On Ellipsoids Attached to Root Systems

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1. Introduction

For any complex semisimple Lie algebra, there are a number of mathematical objects that are traditionally attached to it, and which determine it to some extent. The most widely used mathematical objects are: the Dynkin diagram, the Cartan matrix, the system of positive roots, the system of simple roots, the Weyl group, the universal enveloping algebra, etc. These objects have proved their usefulness in dealing with complex semi- simple Lie algebras, and most of them have been generalized in order to deal with the new classes of mathe- matical structures, such as Kac-Moody algebras, superalgebras, quantum groups and Coxeter systems.

In this paper, two alternative mathematical objects are defined for any complex semisimple Lie algebra. These objects are ellipsoids in the real linear space, where n is the rank of.

Given a complex semisimple Lie algebra and a Cartan subalgebra, the pair (,) determines the system of roots, a subsystem of all positive roots, and the subsystem of all simple roots, see [1] [2]. In the space, define an inner product in such a way that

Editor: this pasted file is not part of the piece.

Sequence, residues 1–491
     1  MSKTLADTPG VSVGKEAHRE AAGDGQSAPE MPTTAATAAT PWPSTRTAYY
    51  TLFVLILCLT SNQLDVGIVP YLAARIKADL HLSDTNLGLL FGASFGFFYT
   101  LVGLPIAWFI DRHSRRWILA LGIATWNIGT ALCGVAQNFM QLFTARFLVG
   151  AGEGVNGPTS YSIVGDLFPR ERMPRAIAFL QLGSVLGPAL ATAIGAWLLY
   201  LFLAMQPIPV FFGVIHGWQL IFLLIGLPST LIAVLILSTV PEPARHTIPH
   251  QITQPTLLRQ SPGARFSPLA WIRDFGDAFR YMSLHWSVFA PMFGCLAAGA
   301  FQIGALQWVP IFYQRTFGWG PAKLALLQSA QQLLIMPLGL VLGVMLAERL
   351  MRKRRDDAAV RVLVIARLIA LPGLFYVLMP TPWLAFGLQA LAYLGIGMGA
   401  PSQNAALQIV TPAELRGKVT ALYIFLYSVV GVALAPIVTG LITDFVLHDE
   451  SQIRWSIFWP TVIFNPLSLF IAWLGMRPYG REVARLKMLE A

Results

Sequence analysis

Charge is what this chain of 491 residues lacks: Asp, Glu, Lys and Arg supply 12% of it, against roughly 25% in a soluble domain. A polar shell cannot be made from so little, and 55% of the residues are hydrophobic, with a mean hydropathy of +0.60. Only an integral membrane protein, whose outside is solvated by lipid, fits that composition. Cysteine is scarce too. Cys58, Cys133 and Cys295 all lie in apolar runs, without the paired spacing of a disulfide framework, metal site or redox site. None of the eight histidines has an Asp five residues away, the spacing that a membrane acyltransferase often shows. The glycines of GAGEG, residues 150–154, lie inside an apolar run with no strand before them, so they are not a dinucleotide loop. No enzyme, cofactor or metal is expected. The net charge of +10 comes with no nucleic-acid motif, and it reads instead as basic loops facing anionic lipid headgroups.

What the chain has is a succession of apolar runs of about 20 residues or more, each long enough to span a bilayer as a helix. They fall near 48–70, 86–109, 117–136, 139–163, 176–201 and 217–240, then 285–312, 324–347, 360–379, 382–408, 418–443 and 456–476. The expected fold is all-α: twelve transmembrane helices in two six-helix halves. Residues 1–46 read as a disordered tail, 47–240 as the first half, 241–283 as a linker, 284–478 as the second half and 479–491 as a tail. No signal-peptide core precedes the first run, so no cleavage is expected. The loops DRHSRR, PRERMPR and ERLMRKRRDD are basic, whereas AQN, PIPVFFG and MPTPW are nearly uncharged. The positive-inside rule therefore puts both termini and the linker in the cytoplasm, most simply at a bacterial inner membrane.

(1)

where is an element of the Cartan matrix A defined by the system of simple roots, and is an element of the standard basis of, which we identify with the simple root.

Denote by the subset of consisting of all with for. Then, can be considered as a subset of. Let be the half-sum of all positive roots in this realization of. The element satisfies the equation

(2)

that will be used in this paper.

We assume the linear space to be partially ordered as follows: if and only if for any we have.